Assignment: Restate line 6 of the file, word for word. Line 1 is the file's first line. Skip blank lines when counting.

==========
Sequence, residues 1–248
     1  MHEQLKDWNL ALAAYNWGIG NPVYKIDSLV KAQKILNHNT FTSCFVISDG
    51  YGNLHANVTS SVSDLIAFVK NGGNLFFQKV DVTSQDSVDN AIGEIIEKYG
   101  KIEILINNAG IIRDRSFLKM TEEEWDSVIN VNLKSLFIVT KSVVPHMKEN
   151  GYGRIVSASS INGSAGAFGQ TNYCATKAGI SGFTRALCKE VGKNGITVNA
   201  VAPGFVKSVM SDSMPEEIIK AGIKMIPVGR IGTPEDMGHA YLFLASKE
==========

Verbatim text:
   201  VAPGFVKSVM SDSMPEEIIK AGIKMIPVGR IGTPEDMGHA YLFLASKE